What is the Central Florida construction industry shaping up to look like in 2021?
The US engineering, architecture and construction industries began 2020 on a positive note—and then just when things were accelerating quickly, COVID-19 hit. Despite the challenges that have occurred across the $1.3 trillion construction industry, there are reasons to be optimistic for the near future.
The road to economic recovery in the United States began in May, resulting in job creation and spikes in activity such as home sales, residential building permits and manufacturing. The Associated Builders and Contractor’s Backlog indicator —a leading indicator that reflects projects under contract yet to be executed—rebounded to 7.7 months in October, an increase of 0.2 months from September 2020’s reading, and reported that construction had added 689,000 jobs by September after a loss of 1.1 million in March and April. This demonstrates how construction’s essential status has helped the overall economy, while the industry is gradually regaining momentum. Most economists expect a significant rebound in economic activity in 2021, especially after winter’s end. That will set the stage for an eventual recovery in commercial construction spending (ABC).
The Central Florida Run-Down
Due to low interest rates, and due to the fact that many residents of the northeast US have decided that now is the time to make the permanent move to Florida, the single family home construction market has accelerated to levels not seen since before the Global Financial Crisis of 2007-2008. The supply of homes cannot keep up with the current demand. This economic movement hopefully indicates for the multifamily market as well, and for Florida in the long term, as population growth – along with tourism – continues to be a major driver of economic activity in the state. As the largest single market sector in Orlando, residential construction will see significant growth to pre-pandemic levels in a few short years, but healthcare industry construction will be the safest from present-day decline. According to the AIA Consensus Construction Forecast Panel — a compiled aggregated data set consisting of leading economic forecasters — healthcare spending is projected to increase by two percent this year and another three percent in 2021. From a new focus on automation to the need for more space, 2021 is sure to produce several new trends when it comes to building hospitals, urgent care centers, healthcare parking and other facilities.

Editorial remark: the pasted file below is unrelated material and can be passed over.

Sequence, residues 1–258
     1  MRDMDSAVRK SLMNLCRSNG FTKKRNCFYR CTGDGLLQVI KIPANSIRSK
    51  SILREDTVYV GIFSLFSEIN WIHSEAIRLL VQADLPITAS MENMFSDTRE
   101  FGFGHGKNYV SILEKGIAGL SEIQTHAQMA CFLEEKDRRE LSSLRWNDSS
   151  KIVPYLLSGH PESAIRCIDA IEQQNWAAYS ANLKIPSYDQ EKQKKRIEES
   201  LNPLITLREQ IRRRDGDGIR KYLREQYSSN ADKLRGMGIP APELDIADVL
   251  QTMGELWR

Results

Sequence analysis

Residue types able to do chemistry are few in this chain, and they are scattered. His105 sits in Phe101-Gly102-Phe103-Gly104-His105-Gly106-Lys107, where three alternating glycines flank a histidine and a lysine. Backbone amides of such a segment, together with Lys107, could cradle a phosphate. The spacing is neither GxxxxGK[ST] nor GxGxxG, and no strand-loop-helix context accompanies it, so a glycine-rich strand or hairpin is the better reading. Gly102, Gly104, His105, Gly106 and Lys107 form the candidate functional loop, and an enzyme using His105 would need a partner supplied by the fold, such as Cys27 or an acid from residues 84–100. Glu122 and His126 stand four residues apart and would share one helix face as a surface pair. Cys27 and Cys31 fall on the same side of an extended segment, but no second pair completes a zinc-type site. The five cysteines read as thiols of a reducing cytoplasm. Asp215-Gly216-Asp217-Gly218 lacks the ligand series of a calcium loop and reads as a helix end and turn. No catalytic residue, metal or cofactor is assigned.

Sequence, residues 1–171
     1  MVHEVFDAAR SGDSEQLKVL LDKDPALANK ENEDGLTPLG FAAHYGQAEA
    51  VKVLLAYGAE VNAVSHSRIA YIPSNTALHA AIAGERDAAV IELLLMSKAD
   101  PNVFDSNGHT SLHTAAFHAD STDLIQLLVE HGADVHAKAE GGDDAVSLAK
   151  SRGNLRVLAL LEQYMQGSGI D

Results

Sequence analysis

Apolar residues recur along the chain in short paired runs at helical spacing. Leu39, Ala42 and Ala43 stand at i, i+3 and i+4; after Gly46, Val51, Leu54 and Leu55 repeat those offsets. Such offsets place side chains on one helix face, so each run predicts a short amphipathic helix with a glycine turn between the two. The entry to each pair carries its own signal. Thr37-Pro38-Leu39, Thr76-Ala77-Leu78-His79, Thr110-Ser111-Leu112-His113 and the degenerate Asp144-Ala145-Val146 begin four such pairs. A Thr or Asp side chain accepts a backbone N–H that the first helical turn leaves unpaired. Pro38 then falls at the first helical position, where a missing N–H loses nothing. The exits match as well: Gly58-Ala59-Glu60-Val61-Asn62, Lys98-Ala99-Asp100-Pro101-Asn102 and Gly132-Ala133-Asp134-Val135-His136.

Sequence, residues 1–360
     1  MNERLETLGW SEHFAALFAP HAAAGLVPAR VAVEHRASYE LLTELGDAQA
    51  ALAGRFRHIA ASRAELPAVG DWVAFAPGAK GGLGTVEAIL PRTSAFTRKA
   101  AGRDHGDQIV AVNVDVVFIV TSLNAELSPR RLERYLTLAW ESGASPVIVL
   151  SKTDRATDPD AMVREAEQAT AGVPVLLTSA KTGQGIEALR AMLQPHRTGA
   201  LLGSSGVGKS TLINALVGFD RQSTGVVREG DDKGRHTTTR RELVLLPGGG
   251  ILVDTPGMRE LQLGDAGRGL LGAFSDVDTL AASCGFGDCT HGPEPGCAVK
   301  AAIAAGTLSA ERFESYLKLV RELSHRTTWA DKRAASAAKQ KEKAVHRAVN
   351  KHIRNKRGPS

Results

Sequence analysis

On the other side of the coin, the Central Florida market is poised to potentially suffer more than other Florida markets due to the extreme contraction in tourism. Both hotels and theme parks alike continue to operate at reduced capacities. Based on other tourism predictions for the region, park activity levels may not reach 2019 performance levels until 2023. Given the influence these entertainment notables have on the Orlando economy, we will need to see the parks back to some semblance of normal before we expect to be running at full steam in Central Florida, and likely all of Florida as well.
As the country continues to deal with the economic and health crises caused by the COVID-19 pandemic, forecasters are cautiously optimistic for the future but warn that meaningful growth is still several months away. The economy is expected to ramp up in the second half of 2021, but an additional stimulus package, as well as the distribution of vaccine that is widely available by mid-2021 are two factors that are still not set in stone. As the adaptation phase of the pandemic gives way to a new normal, many construction companies will likely be refining their project management strategies and trying to build ever more flexibility into their models. This may be a positive for construction as developers are looking for more ways to maximize their investment with new opportunities and the use of adaptable structural building solutions.
The good news is that there are reasons to be hopeful for the future of the A/E/C industry. Connected technologies and an increase in associated investments may help firms realize new operational efficiencies. During the crisis, construction industry leaders have had to walk a fine line between emphasizing the pandemic’s negative impacts in hopes of garnering more government relief for the sector, while also showcasing construction’s positive track record with the proactive intent of warding off any new government shutdown orders that could lie ahead.
Having learned valuable lessons from the previous recessions, going into this pandemic, FINFROCK has been operating under the principle of planning for the worst, and working to make the best happen. Most of the projects that were previously placed on hold have ultimately resurfaced, and we are scheduling the manufacturing components for jobs well into 2021. In addition, FINFROCK is in the process of chasing many new opportunities we can materialize to make 2021 a declared a road-to-recovery type year.
Prior to the pandemic, FINFROCK’s biggest challenge has been effectively managing our growth in a tight labor market. Post-pandemic, effectively managing growth continues to be a challenge but with a different view. FINFROCK continues to think about our long-term future and must balance short-term challenges with long-term goals. The biggest lesson learned from this, and the last economic downturn, is the importance of recruiting and retaining good people –the better people we retain, the faster the good times seem to return.